What student behavior looked, sounded, and felt like took a unique turn with virtual learning. When students can turn their cameras off and fully hide their engagement, how can you ensure every student maximizes their potential? Follow these four strategies to help you maintain the same level of participation with your students virtually that they would exhibit in person.
1. Remind Students of the Rules
Be clear with your students that you expect them to follow the classroom’s rules—and then build them together to earn shared buy-in. For example, you may suggest that their cameras be on with speakers muted unless called on to share or while working in a group breakout session. Ensure students know that they must continue to show one another the same respect virtually that they show in person. That means being attentive and patient when a peer speaks, using “indoor voices,” and practicing active listening skills.
2. Encourage a Comfortable At-Home Learning Environment
Encourage students to structure their home learning environment in a way that best suits their style of learning. For some students, this may mean learning in a private, quiet space with few distractions. For other students, it may mean learning in the comfort of their living room where they know their parents are working nearby. Collaborate with parents so that they can help create at-home spaces that make their children feel safe, structured, and ready to learn.
3. Create a Routine that Includes Scheduled Breaks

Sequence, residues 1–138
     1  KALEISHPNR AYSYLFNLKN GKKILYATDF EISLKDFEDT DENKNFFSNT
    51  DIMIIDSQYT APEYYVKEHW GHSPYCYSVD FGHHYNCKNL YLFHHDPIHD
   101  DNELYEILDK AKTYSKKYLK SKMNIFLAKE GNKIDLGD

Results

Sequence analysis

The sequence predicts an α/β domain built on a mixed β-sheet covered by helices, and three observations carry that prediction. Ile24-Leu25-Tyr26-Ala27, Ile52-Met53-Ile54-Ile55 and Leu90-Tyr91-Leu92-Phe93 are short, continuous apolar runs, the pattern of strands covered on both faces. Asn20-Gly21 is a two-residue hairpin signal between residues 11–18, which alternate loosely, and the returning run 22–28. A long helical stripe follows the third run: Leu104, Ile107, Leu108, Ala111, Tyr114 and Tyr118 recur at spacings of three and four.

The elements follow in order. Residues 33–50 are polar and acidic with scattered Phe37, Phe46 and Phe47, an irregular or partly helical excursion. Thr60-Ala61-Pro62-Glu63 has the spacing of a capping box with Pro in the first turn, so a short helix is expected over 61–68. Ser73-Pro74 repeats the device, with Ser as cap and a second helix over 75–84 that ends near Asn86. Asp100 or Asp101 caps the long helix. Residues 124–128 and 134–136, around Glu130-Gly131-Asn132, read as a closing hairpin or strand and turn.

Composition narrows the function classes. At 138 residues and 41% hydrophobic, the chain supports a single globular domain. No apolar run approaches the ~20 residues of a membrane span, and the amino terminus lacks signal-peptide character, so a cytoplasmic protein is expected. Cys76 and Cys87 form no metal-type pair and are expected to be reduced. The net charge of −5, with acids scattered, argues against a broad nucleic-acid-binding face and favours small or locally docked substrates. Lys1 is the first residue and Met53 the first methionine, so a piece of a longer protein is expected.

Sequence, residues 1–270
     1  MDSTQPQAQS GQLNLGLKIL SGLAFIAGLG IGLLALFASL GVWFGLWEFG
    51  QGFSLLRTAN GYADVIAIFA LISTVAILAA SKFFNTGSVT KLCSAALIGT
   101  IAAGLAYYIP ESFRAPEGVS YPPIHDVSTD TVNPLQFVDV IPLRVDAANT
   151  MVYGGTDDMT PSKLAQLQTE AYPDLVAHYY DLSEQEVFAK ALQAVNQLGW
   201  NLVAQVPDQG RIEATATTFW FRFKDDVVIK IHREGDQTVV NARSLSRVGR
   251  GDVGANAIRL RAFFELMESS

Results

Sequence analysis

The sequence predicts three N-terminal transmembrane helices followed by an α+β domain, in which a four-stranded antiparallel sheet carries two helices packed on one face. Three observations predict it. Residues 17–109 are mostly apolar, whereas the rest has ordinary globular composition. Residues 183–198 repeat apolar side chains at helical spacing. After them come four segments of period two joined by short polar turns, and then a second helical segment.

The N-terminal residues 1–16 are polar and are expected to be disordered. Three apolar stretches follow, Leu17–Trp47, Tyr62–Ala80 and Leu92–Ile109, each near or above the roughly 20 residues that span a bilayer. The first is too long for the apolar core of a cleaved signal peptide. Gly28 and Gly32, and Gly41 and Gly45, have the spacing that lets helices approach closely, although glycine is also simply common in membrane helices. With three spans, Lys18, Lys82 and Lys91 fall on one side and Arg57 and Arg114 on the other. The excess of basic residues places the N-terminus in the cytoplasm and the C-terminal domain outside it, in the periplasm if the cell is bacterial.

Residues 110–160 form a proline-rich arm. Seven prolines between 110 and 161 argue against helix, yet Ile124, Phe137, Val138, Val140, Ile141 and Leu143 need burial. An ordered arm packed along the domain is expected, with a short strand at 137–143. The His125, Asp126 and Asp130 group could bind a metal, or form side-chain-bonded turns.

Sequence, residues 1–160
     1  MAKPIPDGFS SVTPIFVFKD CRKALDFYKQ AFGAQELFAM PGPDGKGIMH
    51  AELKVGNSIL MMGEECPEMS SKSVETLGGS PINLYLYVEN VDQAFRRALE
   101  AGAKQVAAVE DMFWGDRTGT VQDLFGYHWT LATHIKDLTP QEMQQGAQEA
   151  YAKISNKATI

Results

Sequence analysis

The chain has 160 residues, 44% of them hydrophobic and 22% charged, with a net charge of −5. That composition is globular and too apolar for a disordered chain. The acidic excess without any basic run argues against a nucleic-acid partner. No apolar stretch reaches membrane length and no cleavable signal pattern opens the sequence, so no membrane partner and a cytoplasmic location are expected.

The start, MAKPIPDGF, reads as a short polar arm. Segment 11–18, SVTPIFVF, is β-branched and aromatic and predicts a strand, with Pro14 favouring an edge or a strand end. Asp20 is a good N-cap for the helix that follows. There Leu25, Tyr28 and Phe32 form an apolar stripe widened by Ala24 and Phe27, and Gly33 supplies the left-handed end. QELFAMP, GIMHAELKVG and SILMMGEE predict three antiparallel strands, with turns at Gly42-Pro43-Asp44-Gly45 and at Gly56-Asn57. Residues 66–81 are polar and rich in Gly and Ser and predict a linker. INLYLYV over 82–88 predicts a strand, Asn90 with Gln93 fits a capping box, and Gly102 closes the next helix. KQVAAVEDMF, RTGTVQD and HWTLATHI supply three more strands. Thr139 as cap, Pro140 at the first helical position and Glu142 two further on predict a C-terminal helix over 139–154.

Young people will be able to maximize their academic performance if they are provided with structure. Students who struggle to stay engaged and focused learning in front of a screen may become more easily distracted, causing them to be undisciplined. Give students set expectations for when they need to focus and when they can be creative and social. Structure your students’ days with set times for lecture, group work, free time, and independent work.
4. Request Active Participation
Just as you would in your classroom, encourage students to participate in virtual discussions and activities to keep them engaged and tuned into learning objectives. Encourage all students to participate in lectures, calling on those who may be quieter than others to ensure they can contribute equitably. Structure days so that students can experience a mix of large and small group work. Some students may be more comfortable speaking up, asking questions, and sharing ideas in small groups or pairs, further facilitating their active engagement throughout the day.
Virtual learning has offered many benefits to teachers and students and allows for an exciting evolution in the traditional academic model. If you can overcome the most common behavior challenges and keep your students engaged and attentive, you can take advantage of all the creative learning opportunities that virtual classrooms have to offer.